Monday, March 23, 2009

Pimping Eclipse Ganymede

Today I decided to try the new Eclipse Ganymede (3.4), but honestly after setting up Eclipse with all the plugins that I am used to have at hand right away, upgrading it to a new version doesn't seem so appealing to me, on the other hand, I'm open to new functionalities and enhancements and I was curious about javaFX (it requires the new Eclipse) and its possibilities to use the same code for a RIA in a browser, mobile or desktop, so this was enough for me.

As usual downloading and installing Eclipse couldn't be easier, so after doing it I started thinking about my favorite plugins and noticed how it is always a problem for me to remember them , so it seemed useful to create this list and share it with the world.

  • Eclemma: is a Java code coverage tool for Eclipse that allows the user to adopt EMMA's philosophy in an easier and more graphical way.

    • Update site:

  • Jar Class finder: allows the user to find Java classes and solve NoClassDefFound exceptions, specially useful while searching for a class inside a group of jars.

    • Download site:

  • DBviewer: this plugin lets you view the database structure (schema/tables/column), execute queries and includes content assistant, among other features.

    • Download site:

  • Subclipse: an open source plugin to provide support for Subversion inside Eclipse. A great asset for Linux users since there is no equivalent to Tortoise yet.

    • Update site:

  • m2eclipse: is the Maven integration for Eclipse, takes care of the dependency management and automatic download, plus launching Maven builds.

    • Update site:

  • Origo Mylin connector: if you are working on a task-focused project using Mylin, this connector will let you use Origo as the open/closed source hosting site.

    • Update site:

Saturday, March 21, 2009

Joomla 1.5

This weekend I had the time to play for a while with the new version of the award winning content management system (CMS) Joomla 1.5. It was the first time ever I used this app, so I tried the installation wizard available at the hosting company's server and the first step was painless and quick.

After checking Joomla's site I noticed that the project is very well documented and found out in a few minutes how to use the basic features. This CMS seems to take away some of the common headaches for website developers with the variety of solutions that includes, since it's an open source application based on modules and plugins developed by a big community that is backing up the project.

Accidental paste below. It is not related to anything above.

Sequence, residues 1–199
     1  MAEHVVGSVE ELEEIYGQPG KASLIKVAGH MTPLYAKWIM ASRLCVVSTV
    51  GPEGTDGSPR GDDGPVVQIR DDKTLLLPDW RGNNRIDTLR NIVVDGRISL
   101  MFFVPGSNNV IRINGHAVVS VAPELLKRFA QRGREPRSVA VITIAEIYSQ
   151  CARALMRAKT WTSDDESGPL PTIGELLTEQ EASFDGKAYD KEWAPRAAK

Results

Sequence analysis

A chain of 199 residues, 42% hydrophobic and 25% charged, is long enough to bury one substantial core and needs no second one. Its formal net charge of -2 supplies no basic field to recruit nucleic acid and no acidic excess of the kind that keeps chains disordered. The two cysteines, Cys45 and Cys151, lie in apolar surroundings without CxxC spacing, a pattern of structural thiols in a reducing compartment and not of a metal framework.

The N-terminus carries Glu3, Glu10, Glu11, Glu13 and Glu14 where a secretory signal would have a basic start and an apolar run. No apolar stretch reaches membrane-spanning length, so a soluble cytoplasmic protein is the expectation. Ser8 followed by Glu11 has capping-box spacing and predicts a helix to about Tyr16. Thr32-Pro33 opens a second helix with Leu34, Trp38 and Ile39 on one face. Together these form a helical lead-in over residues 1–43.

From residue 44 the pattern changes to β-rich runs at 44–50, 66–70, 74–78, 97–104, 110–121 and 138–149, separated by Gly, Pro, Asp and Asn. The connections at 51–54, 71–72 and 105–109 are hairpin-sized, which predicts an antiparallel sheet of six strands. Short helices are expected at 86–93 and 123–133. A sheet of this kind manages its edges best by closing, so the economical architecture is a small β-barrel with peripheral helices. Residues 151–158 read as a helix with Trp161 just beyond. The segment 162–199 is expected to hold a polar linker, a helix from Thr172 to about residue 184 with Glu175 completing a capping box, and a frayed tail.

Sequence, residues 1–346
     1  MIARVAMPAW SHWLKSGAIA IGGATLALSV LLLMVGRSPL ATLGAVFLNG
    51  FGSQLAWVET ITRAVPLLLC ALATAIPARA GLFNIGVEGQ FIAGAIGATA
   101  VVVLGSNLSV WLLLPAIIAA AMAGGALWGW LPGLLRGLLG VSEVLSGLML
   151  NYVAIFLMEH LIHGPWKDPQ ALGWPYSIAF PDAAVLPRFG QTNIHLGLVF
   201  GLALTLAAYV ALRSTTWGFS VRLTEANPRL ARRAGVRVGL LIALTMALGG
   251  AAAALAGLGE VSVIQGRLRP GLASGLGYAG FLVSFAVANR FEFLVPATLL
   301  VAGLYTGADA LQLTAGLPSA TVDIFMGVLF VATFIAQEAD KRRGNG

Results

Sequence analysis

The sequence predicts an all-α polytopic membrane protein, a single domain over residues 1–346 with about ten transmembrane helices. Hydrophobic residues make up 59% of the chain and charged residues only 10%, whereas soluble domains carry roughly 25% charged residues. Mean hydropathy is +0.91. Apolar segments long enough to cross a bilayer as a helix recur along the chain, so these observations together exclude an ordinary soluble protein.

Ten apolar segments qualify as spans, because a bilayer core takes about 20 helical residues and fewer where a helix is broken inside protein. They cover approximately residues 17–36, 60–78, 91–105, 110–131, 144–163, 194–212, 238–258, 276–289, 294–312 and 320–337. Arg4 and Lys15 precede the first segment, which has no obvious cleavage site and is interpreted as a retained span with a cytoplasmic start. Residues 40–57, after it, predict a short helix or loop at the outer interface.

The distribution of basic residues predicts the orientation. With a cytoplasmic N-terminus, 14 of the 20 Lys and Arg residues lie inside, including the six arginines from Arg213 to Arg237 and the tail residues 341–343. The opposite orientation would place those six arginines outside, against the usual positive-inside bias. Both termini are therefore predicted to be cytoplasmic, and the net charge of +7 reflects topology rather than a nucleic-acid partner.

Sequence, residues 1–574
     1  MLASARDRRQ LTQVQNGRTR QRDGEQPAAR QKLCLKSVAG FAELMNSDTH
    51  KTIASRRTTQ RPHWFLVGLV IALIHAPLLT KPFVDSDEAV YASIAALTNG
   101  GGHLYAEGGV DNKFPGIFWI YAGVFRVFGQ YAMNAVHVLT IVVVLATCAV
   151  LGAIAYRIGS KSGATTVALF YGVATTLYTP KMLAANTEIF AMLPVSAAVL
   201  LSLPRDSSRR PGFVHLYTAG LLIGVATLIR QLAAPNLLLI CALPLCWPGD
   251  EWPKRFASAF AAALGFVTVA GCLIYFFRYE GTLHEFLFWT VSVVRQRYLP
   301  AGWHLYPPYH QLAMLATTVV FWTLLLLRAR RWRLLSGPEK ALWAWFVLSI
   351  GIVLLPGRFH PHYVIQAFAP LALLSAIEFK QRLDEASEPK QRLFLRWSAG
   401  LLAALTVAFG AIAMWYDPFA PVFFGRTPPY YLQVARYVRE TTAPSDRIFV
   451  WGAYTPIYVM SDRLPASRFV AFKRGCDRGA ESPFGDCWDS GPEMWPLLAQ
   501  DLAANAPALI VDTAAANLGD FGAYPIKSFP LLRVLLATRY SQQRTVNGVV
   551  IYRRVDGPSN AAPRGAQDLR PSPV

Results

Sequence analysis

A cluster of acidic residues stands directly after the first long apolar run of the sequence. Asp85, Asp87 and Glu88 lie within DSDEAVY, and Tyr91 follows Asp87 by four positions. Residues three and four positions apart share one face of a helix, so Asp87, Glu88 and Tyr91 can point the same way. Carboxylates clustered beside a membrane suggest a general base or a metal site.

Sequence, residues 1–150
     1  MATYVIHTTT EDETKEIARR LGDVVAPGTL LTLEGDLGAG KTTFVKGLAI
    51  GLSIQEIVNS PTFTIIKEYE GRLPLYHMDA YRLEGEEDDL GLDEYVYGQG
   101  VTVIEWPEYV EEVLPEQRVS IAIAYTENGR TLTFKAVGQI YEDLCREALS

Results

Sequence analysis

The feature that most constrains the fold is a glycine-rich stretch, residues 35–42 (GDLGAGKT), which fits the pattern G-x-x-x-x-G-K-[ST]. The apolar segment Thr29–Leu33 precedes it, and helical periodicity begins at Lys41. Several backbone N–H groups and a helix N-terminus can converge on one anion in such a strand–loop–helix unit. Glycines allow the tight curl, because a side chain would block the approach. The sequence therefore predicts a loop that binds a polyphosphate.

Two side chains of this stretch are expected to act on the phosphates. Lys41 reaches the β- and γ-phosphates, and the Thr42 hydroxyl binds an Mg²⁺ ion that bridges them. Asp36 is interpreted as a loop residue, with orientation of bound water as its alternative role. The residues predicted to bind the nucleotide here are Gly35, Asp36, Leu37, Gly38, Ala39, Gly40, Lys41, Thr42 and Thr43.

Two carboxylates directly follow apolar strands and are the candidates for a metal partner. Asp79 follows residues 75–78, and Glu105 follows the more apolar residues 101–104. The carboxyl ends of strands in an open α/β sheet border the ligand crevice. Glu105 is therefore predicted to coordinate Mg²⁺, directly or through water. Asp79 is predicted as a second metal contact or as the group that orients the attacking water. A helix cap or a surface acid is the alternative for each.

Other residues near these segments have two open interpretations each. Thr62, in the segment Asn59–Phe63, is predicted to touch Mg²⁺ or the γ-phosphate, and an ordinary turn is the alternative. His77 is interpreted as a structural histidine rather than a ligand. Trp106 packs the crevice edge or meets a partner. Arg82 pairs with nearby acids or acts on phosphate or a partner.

I created categories, sections, menu items and a couple of articles, disabled some unnecessary modules and activated some others, then I started googling for some more components and extensions and ended up amazed with the huge amount of products available.

Fireboard was the first thing in my list, once again the installation was very easy, probably the only trick is to enable "System - Legacy" at the plugin manager, and just like that I had a complete forum ready to use.

The second component installation wasn't as easy as with Fireboard, after reading why an SEO was important for my site, I decided to try sh404SEF. Seems logical to install it in case you want to improve the possibilities for people to find your site by making the urls search engine friendly, in the end sh404SEF will replace the default Joomla urls that look like this:

for something understandable for the search engine like:

It seems that a common error after the installation is to access the main page of your site and get an access error, you can solve this pretty easily by creating an index.html file at yourdomainfolder/httpdocs/index.html redirecting people to like this:

<meta equiv="REFRESH" content="0; url=" >

After installing and setting up these plugins the options to create a professional site in a few days are huge an easy, you can check for more extensions here and knock yourself out.

JavaFX 1.1 on Linux using Netbeans 6.5 or Eclipse 3.4

If you are looking forward to try javaFX and you are a Linux user, probably you already know that the released versions are for Windows and Mac, fortunately there are already some hacks available to make the Mac version work on Linux. Not all the features are available and we'll still have to wait till Sun releases the official version, but in the mean time you can give it a try in Netbeans this way.

If while trying to install the linux sdk .nbm file in Netbeans, you get the following error "Some plugins require capability javafx.sdk.v1_1 No plugin providing the capability javafx.sdk.v1_1 could be found", check the content of the file org-netbeans-modules-javafx-sdk-lin.nbm (using unzip -l), probably the zip process failed and some files are missing.

To use it in Eclipse, first download and install the plugin here using the update site. Then unzip the file org-netbeans-modules-javafx-sdk-lin.nbm used previously for the Netbeans installation. Inside you will find the follwing folder "netbeans/javafx-sdk/", move the folder to your preffered location. Now in Eclipse edit the new classpath variable JAVAFX_HOME in Eclipse at Preferences -> Java -> Build Path -> Classpath Variables by pointing to the javafx-sdk location.

That's it, now you can use javaFX 1.1 in both of your IDEs, as I told you before, is not a complete version but it's a good way to start working on it until the new version is released.